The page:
High Canopy and Forest Floor Bird Loss Due to Death of Soft Maples in Appleton Soft Maple Swamp
Prior to the beginning of the new millennium, Appleton Wetland Swamp was a lush area of several hundred acres of soft maple and willow trees, reaching forty to sixty feet tall. Much wildlife was to be found in this swamp including otter, muskrat, beaver and many different species of high canopy and forest floor nesting birds.
Today (2014), the dying and dead trees have drastically altered the habitat of these animals and birds. During the five years of the 2nd Ontario Breeding Bird Atlas (2000-2005 Cadman et al.), the Appleton Swamp was part of the atlas square surveyed by the Mississippi Valley Field Naturalists. Many species of birds nesting in the swamp at that time, are no longer to be found.
The largest factor for the disappearance of these birds in the Appleton Wetland can be attributed to the loss of tree canopy because the trees are either dying or already dead. The resulting opening or removal of the canopy causes these birds to be vulnerable to predation by hawks. Also, nestlings are deprived of protection from the sun’s heat when there are no leaves. When this happens, birds abandon their preferred nesting sites and either move on to other suitable habitat or fail to reproduce.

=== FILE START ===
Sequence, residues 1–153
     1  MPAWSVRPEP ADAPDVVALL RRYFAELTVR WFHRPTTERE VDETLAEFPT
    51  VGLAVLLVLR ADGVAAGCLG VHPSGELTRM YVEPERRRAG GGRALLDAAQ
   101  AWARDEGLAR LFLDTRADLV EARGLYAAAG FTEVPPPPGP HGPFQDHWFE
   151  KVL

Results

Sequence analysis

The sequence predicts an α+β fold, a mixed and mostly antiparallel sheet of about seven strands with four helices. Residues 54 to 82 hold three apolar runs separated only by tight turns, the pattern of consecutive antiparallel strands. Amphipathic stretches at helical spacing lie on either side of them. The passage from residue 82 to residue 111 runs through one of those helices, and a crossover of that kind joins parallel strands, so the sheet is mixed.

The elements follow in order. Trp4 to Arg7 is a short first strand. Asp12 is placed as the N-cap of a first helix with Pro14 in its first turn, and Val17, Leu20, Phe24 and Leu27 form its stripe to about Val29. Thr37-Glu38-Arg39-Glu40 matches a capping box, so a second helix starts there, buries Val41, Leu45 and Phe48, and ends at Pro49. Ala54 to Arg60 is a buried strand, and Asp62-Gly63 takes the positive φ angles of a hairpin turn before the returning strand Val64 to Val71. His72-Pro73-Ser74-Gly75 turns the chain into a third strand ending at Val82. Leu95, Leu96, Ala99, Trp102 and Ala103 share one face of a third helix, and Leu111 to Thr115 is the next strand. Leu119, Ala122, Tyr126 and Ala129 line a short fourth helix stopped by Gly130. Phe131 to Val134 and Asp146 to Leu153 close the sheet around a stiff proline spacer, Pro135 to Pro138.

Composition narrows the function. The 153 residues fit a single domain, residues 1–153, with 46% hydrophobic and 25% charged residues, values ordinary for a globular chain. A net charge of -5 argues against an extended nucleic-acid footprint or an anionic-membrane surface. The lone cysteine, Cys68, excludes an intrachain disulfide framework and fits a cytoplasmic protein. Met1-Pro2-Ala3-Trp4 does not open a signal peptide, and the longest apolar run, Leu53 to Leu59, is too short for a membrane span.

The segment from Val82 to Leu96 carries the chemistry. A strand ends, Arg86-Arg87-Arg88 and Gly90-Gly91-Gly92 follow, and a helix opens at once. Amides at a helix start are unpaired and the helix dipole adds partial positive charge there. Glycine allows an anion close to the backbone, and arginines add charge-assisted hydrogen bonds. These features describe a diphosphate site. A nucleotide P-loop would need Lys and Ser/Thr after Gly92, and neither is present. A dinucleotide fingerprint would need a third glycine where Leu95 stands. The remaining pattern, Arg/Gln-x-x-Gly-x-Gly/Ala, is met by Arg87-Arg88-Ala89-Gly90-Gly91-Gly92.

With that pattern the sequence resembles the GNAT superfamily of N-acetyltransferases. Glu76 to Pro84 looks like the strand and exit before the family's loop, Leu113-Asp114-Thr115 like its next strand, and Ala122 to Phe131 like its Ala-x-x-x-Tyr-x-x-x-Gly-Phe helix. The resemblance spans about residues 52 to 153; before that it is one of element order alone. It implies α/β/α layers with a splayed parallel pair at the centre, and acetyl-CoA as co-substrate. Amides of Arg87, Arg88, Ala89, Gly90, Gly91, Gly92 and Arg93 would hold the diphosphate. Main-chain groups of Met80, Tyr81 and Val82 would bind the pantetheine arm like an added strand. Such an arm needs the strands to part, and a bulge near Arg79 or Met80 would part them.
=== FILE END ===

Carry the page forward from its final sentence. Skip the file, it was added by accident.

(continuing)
The following bird species, known and potential, are no longer present in the Appleton Wetland:
High Canopy Birds:
Cooper’s and sharp-shinned hawk, red-shouldered hawk (on species-at-risk list), least flycatcher, American crow, wood thrush, gray catbird, warbling vireo, scarlet tanager.
Forest Floor Birds:
Winter wren, veery, hermit thrush’, palm warbler, black and white warbler, ovenbird, Northern waterthrush, Canada warbler.
Other Forest Dwellers:
Black-billed cuckoo, olive-sided flycatcher, Eastern wood pewee, yellow-bellied
flycatcher, Swainson’s thrush, Acadian flycatcher, alder flycatcher, blue jay,
wood thrush, blue-headed vireo, red-eyed vireo, mourning warbler.
* A change in water management regime for this section (Reach 18) of the
Mississippi River would help greatly in eventually allowing new growth of the
trees and would encourage the return of many of these bird species.
Article written by Cliff Bennett
Reference: A Guide to the Nests, Eggs, and Nestlings of North American Birds, 2nd edition,
Paul J.Baicich, Colin J.O. Harrison, 1997